Ever dream of having a cobra- and buffalo-skin tablecloth for those intimate third dates? Or hitting the town in a shiny pair of eel-skin leather boots? This week, the U.S. Fish and Wildlife Service announced an online auction of forfeited and abandoned wildlife products through Lone Star Auctioneers in Austin, Texas. This stuff makes a neighborhood garage sale look like the lost-and-found box at a preschool.

Fish and Wildlife has selected some 300,000 items from an inventory of 1.5 million housed at the National Wildlife Property Repository in Denver (yes, they've got a repository for this stuff). Besides the tablecloth and eel boots, we found Siberian weasel furs, monitor lizard watchbands, python-skin pumps and troca shell necklaces. We've never seen anyone sport a troca shell in Missoula—it's an elegant little white spiral shell—but it certainly looks trendy enough to sport at the Finn and Porter.

Fish and Wildlife stresses that none of the products up for bid are made from threatened or endangered species. Also, no hunting or wildlife parts will be sold. Mostly, the items come from import businesses that failed to follow basic regulations or obtain the proper permits. That's all well and good, but leaves one question unanswered: Just how bad must things be at the National Wildlife Property Repository to have to hold a public auction?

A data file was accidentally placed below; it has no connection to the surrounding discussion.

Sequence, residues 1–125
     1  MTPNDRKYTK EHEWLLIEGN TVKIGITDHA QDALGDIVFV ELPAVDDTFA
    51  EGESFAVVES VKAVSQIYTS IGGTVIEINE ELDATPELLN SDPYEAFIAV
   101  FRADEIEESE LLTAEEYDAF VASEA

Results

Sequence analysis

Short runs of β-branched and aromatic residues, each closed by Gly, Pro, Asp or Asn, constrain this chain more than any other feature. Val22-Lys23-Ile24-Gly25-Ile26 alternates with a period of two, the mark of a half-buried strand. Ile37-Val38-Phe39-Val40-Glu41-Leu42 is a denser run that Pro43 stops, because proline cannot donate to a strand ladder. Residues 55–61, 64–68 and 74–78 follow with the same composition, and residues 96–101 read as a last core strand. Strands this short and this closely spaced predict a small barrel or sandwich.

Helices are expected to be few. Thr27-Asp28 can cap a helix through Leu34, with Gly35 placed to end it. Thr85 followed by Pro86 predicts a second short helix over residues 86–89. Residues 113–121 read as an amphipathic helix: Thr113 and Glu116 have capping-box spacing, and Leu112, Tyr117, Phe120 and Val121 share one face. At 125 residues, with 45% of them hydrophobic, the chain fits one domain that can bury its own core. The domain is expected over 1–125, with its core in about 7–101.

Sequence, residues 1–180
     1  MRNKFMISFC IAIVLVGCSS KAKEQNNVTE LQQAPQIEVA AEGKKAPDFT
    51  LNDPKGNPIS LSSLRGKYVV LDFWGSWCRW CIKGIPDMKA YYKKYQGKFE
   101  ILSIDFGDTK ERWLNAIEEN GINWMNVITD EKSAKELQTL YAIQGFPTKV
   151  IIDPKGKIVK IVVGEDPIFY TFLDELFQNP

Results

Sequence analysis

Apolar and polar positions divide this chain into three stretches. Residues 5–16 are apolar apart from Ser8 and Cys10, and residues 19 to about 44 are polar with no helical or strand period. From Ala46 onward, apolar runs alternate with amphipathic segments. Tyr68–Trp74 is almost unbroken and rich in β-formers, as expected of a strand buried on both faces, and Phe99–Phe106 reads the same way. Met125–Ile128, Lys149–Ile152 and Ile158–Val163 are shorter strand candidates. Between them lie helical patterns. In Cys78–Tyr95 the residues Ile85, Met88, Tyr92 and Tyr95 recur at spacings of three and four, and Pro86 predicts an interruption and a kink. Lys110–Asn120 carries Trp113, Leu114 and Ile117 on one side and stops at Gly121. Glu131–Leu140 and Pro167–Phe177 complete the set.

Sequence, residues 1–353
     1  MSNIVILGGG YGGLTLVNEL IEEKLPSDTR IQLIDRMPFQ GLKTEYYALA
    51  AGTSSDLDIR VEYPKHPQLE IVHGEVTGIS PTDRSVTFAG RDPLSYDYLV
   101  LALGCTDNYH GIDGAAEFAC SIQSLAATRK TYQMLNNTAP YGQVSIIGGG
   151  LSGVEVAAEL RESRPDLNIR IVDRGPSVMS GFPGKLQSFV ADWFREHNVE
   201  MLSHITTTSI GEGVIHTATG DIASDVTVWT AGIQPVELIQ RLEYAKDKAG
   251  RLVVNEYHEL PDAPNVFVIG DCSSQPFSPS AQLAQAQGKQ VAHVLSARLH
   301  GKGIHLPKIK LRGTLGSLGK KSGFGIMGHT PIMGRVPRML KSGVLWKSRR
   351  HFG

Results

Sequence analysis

The answer: pretty bad. According to a Fish and Wildlife release, the repository was so overwhelmed in 2009 that it "forced the facility to temporarily suspend receipt of all shipments from Service law enforcement officers across the country." The release also states this is the first time it has held an auction like this since 1999.

Clearly the issue of abuse of wildlife isn't exclusive to Montana's poaching and illegal commercial outfitting rings, the subject of a recent Indy cover story. Casting off the aforementioned fur coat—the making of which required more than a few Siberian weasels to reluctantly give their lives—sounds about as wasteful as lopping the head off a big horn sheep and leaving the carcass to rot. If you hadn't already heard, Washington resident Alan T. Sweet appeared in Ravalli County District Court this week facing those exact charges.

Fortunately, proceeds from the online auction (found at will be used to "educate the public about wildlife trade and global conservation." And, last time we checked, bids for the items averaged a modest $20. That seems a small price to pay for better education of a growing problem—and, we guess, some choice ostrich skin belts.

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